It is worth noting that variations in pitch, tempo and even melody of the music you are listening to can have different physical and psychological effects. Furthermore, your current state of mind before listening to music can also greatly influence the range of effects you end up experiencing. For example, listening to music with a high pitch, fast tempo and an ascending melody will increase your heart rate. However, continued exposure to such music can bring about a state of anxiety. If you happen to be engaged to a particularly stressing activity, then listening to fast high pitched music might push you into a state of panic.
A contrary example involves listening to music bearing low pitched and slow tempo. If you are already tense, listening to such music can make you feel relaxed and calm. However, listening to this same music while initially calm can bring about feelings of sorrow and sadness. You should remember that musicology is yet to become a precise science which means plenty is still unknown. We can, however, attain a more accurate understanding of how music affects the brain and body by taking a closer look at the brain chemicals involved.
The Music-Dopamine Connection
A 2011 BBC news article announced that scientists had been able to identify the exact chemical that was responsible for the enjoyment of music. The news article revolved around a study of 217 participants. Each individual was exposed to varying musical stimuli while connected to PET and fMRI scanners. Of the 217 initial participants, only eight people made it to the final round of tests. This last eight were selected because their PET and fMRI scan results had been consistent when they were subjected to the same sets of musical stimuli.
The study determined that more of brain chemical dopamine was released at peaks musical enjoyment. The scientist used the physical effect of chills to mark the point of musical highest enjoyment among the final eight participants. Note that it is common to find dopamine in the brain because other stimuli also cause this brain chemical. These stimuli include sweet food and unexpected sums of money. The latter facts were not conclusively established at the time of the BBC article publication.
All in all, the above study did help to shed light on the relationship between abstract stimuli such as music and the release of mood-altering brain chemicals. Furthermore, the BBC study prompted research into the connection between abstract stimuli and essential brain chemicals. This was how the relationship between money and dopamine came to be ascertained. How the gaming industry set out to capitalize on the new-found knowledge is discussed below.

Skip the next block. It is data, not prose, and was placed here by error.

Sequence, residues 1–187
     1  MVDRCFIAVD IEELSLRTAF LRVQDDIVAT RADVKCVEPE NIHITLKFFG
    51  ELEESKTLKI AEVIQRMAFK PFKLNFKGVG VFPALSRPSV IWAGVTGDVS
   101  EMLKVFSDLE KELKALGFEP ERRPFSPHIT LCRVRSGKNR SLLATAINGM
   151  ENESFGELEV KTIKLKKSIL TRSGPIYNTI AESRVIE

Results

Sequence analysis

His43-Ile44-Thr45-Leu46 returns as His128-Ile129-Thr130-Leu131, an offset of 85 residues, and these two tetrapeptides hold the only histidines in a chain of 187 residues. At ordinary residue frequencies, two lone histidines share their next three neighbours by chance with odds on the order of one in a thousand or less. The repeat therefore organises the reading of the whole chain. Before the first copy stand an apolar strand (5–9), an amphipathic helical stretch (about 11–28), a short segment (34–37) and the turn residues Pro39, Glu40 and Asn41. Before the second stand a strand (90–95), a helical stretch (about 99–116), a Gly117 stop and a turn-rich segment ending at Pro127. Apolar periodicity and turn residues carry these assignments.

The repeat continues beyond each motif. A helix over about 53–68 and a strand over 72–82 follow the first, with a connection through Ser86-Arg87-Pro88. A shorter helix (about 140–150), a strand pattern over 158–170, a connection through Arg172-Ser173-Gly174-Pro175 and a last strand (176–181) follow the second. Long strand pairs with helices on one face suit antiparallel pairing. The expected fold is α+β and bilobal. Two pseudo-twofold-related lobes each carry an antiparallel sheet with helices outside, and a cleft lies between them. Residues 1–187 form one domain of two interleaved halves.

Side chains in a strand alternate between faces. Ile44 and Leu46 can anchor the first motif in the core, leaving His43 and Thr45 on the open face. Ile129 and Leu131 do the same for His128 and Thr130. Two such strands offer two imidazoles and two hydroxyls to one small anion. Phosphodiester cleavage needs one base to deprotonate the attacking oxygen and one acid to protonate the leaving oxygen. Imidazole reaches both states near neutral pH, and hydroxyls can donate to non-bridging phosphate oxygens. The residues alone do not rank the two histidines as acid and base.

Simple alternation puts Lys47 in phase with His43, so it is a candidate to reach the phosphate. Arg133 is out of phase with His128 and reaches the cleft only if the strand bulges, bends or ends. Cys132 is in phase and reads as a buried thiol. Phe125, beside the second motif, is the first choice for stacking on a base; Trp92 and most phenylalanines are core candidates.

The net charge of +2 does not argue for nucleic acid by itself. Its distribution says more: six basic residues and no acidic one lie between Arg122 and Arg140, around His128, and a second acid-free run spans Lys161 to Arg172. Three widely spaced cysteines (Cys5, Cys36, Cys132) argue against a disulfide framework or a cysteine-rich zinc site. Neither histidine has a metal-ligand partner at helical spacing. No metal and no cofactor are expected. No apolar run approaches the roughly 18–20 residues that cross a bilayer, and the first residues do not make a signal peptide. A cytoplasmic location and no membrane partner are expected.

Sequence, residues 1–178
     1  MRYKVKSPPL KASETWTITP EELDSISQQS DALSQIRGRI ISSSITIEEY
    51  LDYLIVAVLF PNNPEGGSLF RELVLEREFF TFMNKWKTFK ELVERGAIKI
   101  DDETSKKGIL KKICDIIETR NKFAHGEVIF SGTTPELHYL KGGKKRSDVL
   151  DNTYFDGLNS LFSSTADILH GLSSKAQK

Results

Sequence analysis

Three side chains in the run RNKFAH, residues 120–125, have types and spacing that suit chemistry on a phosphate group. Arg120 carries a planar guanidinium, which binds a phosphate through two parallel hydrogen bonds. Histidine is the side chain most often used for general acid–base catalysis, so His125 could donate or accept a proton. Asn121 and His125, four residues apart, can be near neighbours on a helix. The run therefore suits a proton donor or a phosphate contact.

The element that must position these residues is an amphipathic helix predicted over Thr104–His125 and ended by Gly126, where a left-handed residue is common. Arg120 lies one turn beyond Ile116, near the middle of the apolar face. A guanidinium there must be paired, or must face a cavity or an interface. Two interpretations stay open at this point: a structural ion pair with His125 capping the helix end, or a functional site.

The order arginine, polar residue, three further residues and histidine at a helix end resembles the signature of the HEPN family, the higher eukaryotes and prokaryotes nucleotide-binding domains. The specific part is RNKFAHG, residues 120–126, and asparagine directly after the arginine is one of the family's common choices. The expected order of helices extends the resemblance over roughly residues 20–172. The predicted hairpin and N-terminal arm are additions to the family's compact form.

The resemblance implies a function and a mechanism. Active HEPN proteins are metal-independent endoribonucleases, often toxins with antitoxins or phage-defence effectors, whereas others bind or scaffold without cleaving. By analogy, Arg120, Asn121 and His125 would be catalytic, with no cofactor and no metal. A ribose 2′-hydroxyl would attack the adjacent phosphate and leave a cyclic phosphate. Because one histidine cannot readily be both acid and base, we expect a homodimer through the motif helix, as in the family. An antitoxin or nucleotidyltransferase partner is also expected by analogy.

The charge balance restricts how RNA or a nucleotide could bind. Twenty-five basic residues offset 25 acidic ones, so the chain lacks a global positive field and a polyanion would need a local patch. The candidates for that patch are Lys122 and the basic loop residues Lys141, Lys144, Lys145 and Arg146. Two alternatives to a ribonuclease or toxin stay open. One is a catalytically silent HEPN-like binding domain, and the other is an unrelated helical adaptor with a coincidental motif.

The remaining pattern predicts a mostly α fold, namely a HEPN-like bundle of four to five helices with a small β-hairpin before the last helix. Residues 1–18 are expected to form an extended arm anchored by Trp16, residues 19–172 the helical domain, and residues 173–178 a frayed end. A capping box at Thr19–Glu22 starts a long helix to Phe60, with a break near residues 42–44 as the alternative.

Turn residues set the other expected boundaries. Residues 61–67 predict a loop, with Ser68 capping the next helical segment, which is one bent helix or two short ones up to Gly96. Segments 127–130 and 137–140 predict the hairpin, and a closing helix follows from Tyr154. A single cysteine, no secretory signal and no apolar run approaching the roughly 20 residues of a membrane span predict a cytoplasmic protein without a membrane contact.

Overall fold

Music and the Gaming Industry
The gaming industry had been making use of musical themes as marketing and promotional gimmick way before the music-dopamine connection became a fad. Gaming machine manufacturers already knew that optimized user experience was crucial to the long-term success of their products. The outcome was the continued development of the graphics and audio aspects of gaming consoles.
Advances in graphics have almost attained their peak among all major players in the gambling industry. This leaves the field of sound as the main grounds upon which gaming products can compete. This development is why the current goal of gaming providers is to realize an immersive user-experience through the use of various surround sound technologies. This implies that while playing a game of slots or other gambling, you will be treated to music in impeccable 3D surround sound.
The effects of music upon your thinking or behaviour are somewhat independent of the activity you might be involved. However, it is worthwhile to consider the music you listen to while gambling. Reason being that the nature of the music you are listening does affect your gambling experience. Music with a slow tempo can make you feel relaxed while playing a game. However, the same music can compromise your gameplay by lowering the accuracy of your bets by increasing your complacency. Fast-paced music, on the other hand, can increase your level of anxiety but at the same time, make you keener in placing your bets. It is thus safe to say that the effect that music has on your gambling largely depends on your choice to listen.